6 3.4 Solving Equations with One Variable Type  The Algebraic Approach When two expressions are set equal to each other, the result is an equation. Equations contain an equals sign. Expressions do not. Equations may or may not contain variables. A solution to an equation is any substitution for the variables in an equation that results in a true mathematical statement. Example 3.14 (Solutions to Equations) Which of the following is a solution to 3 5x = 2(4 x)+1? x = 2 x = 4 Consider the following equations: x+2 = 4 5x = 6+2x 3x 3 = 24 The only substitution for x that results in a true statement in each of these equations is x = 2. This means 2 is the only solution to each equation. Equations that contain only one variable type can be solved by algebraic means. In this section, we will consider equations that have only one variable type. Equation Variable Types 5x = 6+2x x 3x 3 = 24 x 3 2 x = 7 x 3x 2 = 2x+1 x, x Equivalent Equations For now, let us consider the panbalance. The balance is level. Ideally, we want to perform operations on the equation that maintain the balance. Not only do we want to keep the balance, but we want to move toward a simple equation in which the solution is obvious. As we will see later, this is not always possible. What operations can we perform that will always keep the pans in balance? In other words, what can be done to move from one equation to another equation so that both equations have the same solutions? This is a question about equivalent equations. 6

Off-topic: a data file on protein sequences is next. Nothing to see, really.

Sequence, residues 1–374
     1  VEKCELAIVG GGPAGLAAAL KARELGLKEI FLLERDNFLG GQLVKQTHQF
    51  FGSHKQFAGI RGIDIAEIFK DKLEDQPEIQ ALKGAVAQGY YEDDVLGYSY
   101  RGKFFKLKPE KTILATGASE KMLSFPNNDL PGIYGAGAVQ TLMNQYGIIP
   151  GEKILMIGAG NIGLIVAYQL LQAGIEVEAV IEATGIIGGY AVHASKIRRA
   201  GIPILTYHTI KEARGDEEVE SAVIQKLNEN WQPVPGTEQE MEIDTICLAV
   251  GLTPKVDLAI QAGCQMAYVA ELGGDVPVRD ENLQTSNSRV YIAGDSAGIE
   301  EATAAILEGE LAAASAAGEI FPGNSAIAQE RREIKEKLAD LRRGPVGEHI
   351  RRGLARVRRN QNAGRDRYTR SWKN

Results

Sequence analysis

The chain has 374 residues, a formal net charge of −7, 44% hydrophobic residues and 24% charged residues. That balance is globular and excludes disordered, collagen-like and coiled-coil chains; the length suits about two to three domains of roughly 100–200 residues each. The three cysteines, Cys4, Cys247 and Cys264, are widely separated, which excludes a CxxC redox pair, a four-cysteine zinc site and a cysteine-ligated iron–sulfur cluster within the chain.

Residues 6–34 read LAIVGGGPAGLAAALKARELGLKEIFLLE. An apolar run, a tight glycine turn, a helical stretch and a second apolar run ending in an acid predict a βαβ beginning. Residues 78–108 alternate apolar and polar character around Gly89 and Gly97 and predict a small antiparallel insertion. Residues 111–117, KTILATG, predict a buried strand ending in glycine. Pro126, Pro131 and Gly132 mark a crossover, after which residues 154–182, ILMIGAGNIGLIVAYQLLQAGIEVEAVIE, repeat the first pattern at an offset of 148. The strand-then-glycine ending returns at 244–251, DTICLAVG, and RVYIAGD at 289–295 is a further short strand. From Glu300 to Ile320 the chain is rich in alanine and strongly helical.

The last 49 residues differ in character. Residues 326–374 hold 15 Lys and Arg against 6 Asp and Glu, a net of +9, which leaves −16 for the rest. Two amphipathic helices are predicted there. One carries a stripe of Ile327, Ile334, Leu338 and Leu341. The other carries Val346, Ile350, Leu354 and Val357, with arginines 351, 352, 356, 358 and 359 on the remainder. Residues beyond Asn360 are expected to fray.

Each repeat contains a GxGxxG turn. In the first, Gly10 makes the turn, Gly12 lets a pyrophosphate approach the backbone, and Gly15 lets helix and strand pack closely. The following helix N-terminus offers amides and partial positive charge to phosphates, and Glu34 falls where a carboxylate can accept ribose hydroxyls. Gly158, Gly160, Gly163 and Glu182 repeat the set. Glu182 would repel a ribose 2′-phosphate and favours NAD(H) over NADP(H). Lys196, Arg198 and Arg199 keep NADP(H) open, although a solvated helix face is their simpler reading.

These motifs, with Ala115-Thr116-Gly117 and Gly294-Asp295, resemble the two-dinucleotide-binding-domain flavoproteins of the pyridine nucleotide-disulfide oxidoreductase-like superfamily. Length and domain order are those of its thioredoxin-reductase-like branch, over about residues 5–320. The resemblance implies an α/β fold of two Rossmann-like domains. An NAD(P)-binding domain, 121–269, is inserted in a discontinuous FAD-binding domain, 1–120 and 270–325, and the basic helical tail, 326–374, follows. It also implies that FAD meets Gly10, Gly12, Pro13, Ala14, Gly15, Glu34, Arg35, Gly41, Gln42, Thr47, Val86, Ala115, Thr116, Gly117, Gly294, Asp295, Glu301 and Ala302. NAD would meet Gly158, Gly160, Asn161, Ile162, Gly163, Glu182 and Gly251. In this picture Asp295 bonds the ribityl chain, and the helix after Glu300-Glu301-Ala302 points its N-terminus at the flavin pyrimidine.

7 Definition 3.15 Two equations are equivalent if they have the same solutions. When you are solving an equation, you want to move from one equation to an equivalent equation that is easier to solve. For example, 2x+5 = 3x 1, 5 = x 1, and 6 = x are equivalent equations since x = 6 is the only solution for ALL THREE equations. Operations that Produce an Equivalent Equation: 1. Add or subtract the same number to both sides of the equation. 2. Add or subtract the same algebraic expression that is always defined to both sides of the equation. 3. Multiply or divide both sides of the equation by a NONZERO number. 4. Add zero to one side of the equation. 5. Multiply one side of the equation by 1. Example 3.16 (Equivalent Equations) In each of the following cases, decide if the action always, sometimes or never produces an equivalent equation. Justify your answer. Squaring both sides of an equation Adding x to both sides of an equation Multiplying both sides of an equation by x Ideally, we would like to keep equivalent equations as we move from one step to the next in the solution. This is not always possible. Sometimes you need to square both sides of the equation. Sometimes you need to multiply both sides of an equation by an algebraic expression instead of a number. These operations can produce extraneous solutions. This is why it is important to CHECK YOUR SOLUTIONS. 7